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Effect of Educational Intervention on Oxygen Therapy Knowledge and Prescription Practices in an Inpatient Community Hospital: A Quality Improvement Initiative

Administering oxygen therapy is an essential part of managing and preventing hypoxemia in both acute and chronic conditions. It is important to note that administering excessive oxygen can also be harmful, particularly in patients with certain respiratory conditions. Therefore, oxygen therapy should always be prescribed and monitored by a healthcare professional. The aim of this quality improvement initiative is to determine the outcome of Education on Knowledge and practice of Oxygen therapy after 8 weeks of intervention. This cross-sectional study was carried out at the Metropolitan hospital center, New York, across the medical wards and intensive care unit (ICU) over a period of 12 weeks. A self-administered structured questionnaire was used to assess knowledge and practice related to oxygen therapy among resident doctors and nurses. Data from electronic prescribing record of all patients who received oxygen therapy over a period of 2 weeks was collected. After 8 weeks of education, questionnaires were distributed again to assess knowledge and practice of oxygen prescription. Data was also collected again from electronic prescribing record of all patients who required supplemental oxygen over a period of 2 weeks. Thirty-two resident doctors participated in this study pre and post educational intervention, while 9 nursing staff participated in the pre intervention phase. Knowledge of respiratory physiology was good (>80%) among resident doctors and nurses. On the average, knowledge of indications for oxygen supplementation was poor (55.5%) pre intervention and moderate (71.1%) post intervention. There was a statistically significant improvement (p value <0.0001) on the erroneous concept of oxygen as a treatment of breathlessness without hypoxia from preintervention (21.9%) to post intervention (75.0%). On the average, knowledge of the conditions in which oxygen saturation of >92% should be avoided was poor among resident doctors (57.3%) and nurses (40.8%) with some improvement post intervention (61%). Objectively, 56.5% of charts had documented oxygen prescription with significant improvement in documentation post intervention to 100% (p 0.0002). Documentation of target saturation in patients chart improved from 21.7% pre intervention to 48.0% post intervention although not statistically significant (0.059). About two-thirds of study participants (63.4%) have not received any training on oxygen supplementation in acute care setting within the past year. We concluded that knowledge of oxygen therapy and practice of oxygen therapy prescription and administration in our healthcare setting is suboptimal. Education improved prescription of supplemental oxygen in patients charts along with inclusion of target saturation.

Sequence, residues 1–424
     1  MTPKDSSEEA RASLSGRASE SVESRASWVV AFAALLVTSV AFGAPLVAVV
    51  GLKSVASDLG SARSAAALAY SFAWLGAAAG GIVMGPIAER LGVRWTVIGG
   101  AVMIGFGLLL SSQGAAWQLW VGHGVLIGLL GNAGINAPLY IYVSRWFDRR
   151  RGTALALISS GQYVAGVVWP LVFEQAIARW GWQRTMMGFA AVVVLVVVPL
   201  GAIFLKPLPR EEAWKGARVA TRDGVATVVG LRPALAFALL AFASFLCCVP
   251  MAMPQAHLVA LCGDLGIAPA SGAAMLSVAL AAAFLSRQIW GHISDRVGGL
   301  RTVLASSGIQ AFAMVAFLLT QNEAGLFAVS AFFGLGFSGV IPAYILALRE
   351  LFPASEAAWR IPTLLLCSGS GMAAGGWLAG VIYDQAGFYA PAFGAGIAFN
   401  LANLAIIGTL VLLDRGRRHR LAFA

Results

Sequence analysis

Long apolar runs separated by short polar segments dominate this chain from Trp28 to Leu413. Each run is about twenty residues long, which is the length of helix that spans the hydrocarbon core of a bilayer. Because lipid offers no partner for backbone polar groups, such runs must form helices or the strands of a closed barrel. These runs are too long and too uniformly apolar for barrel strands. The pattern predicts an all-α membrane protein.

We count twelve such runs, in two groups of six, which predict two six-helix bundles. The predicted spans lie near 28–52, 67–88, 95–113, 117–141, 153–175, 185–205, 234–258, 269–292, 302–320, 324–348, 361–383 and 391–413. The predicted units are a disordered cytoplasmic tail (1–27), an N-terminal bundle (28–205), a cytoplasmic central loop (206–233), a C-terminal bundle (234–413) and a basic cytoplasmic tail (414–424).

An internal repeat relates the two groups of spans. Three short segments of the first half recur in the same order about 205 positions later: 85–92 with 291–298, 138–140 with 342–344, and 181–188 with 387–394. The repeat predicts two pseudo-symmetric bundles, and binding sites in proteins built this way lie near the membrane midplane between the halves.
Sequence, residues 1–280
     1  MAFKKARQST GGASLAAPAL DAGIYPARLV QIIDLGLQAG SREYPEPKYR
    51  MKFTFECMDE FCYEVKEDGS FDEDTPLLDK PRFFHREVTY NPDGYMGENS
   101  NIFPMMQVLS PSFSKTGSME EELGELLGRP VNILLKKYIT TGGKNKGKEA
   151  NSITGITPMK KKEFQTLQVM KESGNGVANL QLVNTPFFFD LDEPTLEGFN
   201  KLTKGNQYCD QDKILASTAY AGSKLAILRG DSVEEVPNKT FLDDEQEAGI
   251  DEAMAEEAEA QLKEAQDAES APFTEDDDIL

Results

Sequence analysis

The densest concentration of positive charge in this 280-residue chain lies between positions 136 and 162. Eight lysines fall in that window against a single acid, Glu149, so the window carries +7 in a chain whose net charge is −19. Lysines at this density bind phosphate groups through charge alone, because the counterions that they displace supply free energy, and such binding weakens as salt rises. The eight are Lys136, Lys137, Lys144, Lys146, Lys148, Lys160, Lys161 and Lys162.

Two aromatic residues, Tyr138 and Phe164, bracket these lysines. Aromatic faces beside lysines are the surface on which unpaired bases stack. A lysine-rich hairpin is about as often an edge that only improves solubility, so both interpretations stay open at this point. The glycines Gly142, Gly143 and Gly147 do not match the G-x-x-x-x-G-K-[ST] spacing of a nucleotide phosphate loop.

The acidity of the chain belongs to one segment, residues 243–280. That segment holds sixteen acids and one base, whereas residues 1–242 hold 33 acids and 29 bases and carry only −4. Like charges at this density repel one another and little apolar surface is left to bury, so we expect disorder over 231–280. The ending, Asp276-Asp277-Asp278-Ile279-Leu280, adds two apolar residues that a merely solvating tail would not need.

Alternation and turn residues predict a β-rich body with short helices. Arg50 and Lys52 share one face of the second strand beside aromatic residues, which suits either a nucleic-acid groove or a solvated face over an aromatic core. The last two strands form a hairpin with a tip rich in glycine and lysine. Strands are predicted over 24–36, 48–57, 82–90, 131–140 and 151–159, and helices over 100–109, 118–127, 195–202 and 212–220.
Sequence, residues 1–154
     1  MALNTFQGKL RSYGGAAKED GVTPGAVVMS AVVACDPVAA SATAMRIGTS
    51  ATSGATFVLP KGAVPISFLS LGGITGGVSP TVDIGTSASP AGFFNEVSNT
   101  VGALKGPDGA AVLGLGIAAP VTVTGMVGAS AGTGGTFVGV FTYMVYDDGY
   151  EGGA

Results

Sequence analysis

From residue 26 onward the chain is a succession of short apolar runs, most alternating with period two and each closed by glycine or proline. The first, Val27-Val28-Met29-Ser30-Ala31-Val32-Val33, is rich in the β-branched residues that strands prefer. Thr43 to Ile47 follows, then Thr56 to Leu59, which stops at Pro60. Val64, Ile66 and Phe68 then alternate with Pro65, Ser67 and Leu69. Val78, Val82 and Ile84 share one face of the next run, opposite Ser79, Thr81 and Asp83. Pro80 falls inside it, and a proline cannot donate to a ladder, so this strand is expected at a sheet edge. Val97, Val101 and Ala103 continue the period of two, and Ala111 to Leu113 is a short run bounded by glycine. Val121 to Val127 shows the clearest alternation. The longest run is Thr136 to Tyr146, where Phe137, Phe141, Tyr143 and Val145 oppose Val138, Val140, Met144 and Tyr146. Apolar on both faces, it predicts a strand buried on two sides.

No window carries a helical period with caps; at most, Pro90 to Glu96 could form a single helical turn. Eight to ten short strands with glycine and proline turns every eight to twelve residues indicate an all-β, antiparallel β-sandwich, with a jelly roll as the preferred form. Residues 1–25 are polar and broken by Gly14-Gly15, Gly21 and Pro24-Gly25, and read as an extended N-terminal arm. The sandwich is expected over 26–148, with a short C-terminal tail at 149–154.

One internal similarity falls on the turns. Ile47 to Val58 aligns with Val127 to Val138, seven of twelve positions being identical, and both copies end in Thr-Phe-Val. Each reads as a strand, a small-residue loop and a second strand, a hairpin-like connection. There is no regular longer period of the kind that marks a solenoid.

Oxygen Therapy, Oxygen Prescription, Hypoxemia, Respiratory Failure

APA Style

Adebola Oluwabusayo Adetiloye, Farhana Alladin, Abida Naz, Kuldeep Ghosh, Olurotimi Badero, et al. (2023). Effect of Educational Intervention on Oxygen Therapy Knowledge and Prescription Practices in an Inpatient Community Hospital: A Quality Improvement Initiative. International Journal of Biomedical Engineering and Clinical Science, 9(3), 30-37.

ACS Style

Adebola Oluwabusayo Adetiloye; Farhana Alladin; Abida Naz; Kuldeep Ghosh; Olurotimi Badero, et al. Effect of Educational Intervention on Oxygen Therapy Knowledge and Prescription Practices in an Inpatient Community Hospital: A Quality Improvement Initiative. Int. J. Biomed. Eng. Clin. Sci. 2023, 9(3), 30-37. doi: 10.11648/j.ijbecs.20230903.11

AMA Style

Adebola Oluwabusayo Adetiloye, Farhana Alladin, Abida Naz, Kuldeep Ghosh, Olurotimi Badero, et al. Effect of Educational Intervention on Oxygen Therapy Knowledge and Prescription Practices in an Inpatient Community Hospital: A Quality Improvement Initiative. Int J Biomed Eng Clin Sci. 2023;9(3):30-37. doi: 10.11648/j.ijbecs.20230903.11

Copyright © 2023 Authors retain the copyright of this article.
This article is an open access article distributed under the Creative Commons Attribution License ( which permits unrestricted use, distribution, and reproduction in any medium, provided the original work is properly cited.

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